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Notice of TerminationAs a manager, one of the least pleasant tasks that you’ll ever have to do is firing an employee. It’s never fun to be the one who has to share news that negatively affects someone’s livelihood, never mind their overall career path and self-esteem. And while the vast majority of people take the news of a termination as well as one might expect, there is always the possibility that such a conversation could end badly, adding an additional layer of apprehension to the situation.

While in some cases, termination is the only viable option for dealing with a problem employee, firing someone should always be your last resort. Not only does making a snap decision to terminate leave you vulnerable to legal action, it’s not always to best solution to the problem. So before you let someone go, there are a few things that you should do.

1. Performance Improvement Plans and Progressive Discipline

Among the most common reasons that companies terminate employees are poor performance and failure to comply with company policies. Someone who is chronically late or absent from work can be a drain on the team, and the longer the behavior goes unchecked, the more likely it is that productivity and morale will suffer.

However, before you start looking for a replacement, you should work with the employee to improve their behavior and performance. The employee could be dealing with issues or obstacles that you’re unaware of, and when you address those issues, performance will improve. Creating a detailed performance improvement plan and checking in with the employee at specified intervals can make a significant difference, and prevent the loss of an otherwise excellent employee.

In the event that performance or behavior does not improve, following the principles of progressive discipline, such as written documentation of warnings and plans, will serve as evidence, should termination become necessary.

2. Consider the Impact on the Company

Firing an employee doesn’t just affect the employee — your whole team, as well as other departments, will feel the impact of someone being let go. In some cases, others may breathe a sigh of relief when a “problem child” is shown the door. However, if the termination is due to factors that other employees aren’t privy to, such as failure to meet sales goals or work quality issues, the termination could come as a surprise, and lead to resentment, fear, and lowered morale due to other employees feeling like they could be next in line for a surprise pink slip.

In addition, if the employee on the chopping block is instrumental to your dealings with clients and other departments, you need to consider how this decision will affect them. For example, a client might be unhappy to learn that their account representative has been let go, and take their business elsewhere. While you can’t let personal relationships dictate business decisions, before you fire an employee you must consider the ripple effect and take steps to reduce the fallout. Again, the best course of action is almost always to find a way to salvage the situation.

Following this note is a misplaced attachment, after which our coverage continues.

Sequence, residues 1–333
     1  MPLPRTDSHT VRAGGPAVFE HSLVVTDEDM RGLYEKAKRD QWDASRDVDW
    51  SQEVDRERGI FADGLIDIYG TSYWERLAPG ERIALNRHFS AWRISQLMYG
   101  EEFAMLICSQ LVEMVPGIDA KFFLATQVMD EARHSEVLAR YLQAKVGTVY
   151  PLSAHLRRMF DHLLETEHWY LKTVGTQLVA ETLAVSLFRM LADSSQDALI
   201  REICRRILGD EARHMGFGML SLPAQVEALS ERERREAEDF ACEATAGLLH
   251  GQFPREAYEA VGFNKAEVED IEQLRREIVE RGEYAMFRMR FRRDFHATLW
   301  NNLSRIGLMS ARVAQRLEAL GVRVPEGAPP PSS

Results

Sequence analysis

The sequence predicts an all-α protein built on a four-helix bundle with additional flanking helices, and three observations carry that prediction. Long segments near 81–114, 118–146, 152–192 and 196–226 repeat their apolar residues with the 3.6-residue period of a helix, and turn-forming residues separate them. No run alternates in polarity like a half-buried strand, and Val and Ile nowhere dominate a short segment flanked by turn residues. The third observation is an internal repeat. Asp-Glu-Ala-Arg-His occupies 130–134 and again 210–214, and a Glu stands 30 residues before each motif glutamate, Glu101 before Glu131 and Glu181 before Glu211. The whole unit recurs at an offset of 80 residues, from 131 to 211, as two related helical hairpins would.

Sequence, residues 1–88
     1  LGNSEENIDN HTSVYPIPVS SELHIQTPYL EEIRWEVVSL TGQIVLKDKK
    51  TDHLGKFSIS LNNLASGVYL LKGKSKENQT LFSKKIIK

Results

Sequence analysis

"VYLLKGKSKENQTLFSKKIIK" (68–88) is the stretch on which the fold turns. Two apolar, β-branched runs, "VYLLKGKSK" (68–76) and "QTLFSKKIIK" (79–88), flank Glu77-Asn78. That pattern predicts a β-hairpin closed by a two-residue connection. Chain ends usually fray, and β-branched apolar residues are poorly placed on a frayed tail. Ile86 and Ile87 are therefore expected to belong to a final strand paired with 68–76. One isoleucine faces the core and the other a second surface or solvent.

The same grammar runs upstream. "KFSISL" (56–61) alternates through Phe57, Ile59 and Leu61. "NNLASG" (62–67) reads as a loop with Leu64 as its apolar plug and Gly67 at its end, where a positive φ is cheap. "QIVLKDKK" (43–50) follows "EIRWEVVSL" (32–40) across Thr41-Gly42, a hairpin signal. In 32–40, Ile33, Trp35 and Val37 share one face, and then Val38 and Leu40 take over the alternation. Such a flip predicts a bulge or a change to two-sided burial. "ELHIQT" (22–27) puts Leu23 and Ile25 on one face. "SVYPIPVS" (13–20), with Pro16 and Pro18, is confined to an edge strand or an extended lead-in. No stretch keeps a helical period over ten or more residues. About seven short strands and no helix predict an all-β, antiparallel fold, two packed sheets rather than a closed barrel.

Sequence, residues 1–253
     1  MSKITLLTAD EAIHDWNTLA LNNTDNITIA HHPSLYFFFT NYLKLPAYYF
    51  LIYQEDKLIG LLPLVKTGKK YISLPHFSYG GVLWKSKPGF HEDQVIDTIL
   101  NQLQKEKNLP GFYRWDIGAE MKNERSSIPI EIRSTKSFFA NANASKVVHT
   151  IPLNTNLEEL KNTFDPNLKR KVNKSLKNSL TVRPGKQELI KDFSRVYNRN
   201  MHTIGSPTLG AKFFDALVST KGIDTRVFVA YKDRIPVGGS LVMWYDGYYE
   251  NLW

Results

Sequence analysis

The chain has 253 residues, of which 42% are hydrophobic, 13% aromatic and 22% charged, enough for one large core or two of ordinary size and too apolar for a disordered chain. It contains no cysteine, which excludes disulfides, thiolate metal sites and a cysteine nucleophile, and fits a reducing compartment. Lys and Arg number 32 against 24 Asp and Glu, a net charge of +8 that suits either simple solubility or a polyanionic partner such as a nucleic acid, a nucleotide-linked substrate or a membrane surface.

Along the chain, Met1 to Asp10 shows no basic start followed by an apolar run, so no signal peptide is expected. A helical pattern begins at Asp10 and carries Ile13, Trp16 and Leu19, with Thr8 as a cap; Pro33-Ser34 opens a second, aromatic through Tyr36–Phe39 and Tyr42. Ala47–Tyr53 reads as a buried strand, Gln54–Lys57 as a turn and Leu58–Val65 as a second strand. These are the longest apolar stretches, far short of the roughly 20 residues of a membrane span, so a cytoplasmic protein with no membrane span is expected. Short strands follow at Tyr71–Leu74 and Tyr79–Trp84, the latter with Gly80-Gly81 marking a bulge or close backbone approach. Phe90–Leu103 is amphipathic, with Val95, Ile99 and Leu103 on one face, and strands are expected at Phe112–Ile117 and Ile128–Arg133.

3. Evaluate Your Response to Infractions

One reason that terminated employees are often able to sue for wrongful termination successfully is that they are able to prove inconsistent application of policies. In other words, if they can prove that they were fired for the same actions that others did without consequences, then you could run afoul of the law.

Therefore, before you draw up a termination letter, it’s important to examine your records to ensure that you have applied all policies consistently. If you haven’t, you may need to resort to a progressive discipline approach or develop a performance improvement plan to address the issue first.

Terminating Employment4. Consider Other Options

Sometimes, personalities just don’t mesh well — and someone who seems like a “bad” employee really isn’t. That same person who wasn’t a good fit in your department could be a top performer in another area, or under different leadership.

Before you end an employee’s employment, talk with other leaders and try to determine whether there are opportunities elsewhere in the company that could be a better fit.

In most cases, the employee in question will be aware of the problems and willing to work with you, but you never want to surprise someone with a transfer to another area — or “dump” a poor performer on another manager to avoid the unpleasantness of firing that person. Still, if someone has the potential to be a great employee or a skill set that your company needs, a shift to another role could be the ideal solution, instead of termination.

Firing an employee is never an enjoyable task, and in some cases, it’s unavoidable. However, before you pull the plug, take some time to carefully consider your decision and consider alternative solutions. You could save yourself a lot of unnecessary angst, as well as a lawsuit from an unhappy former employee.

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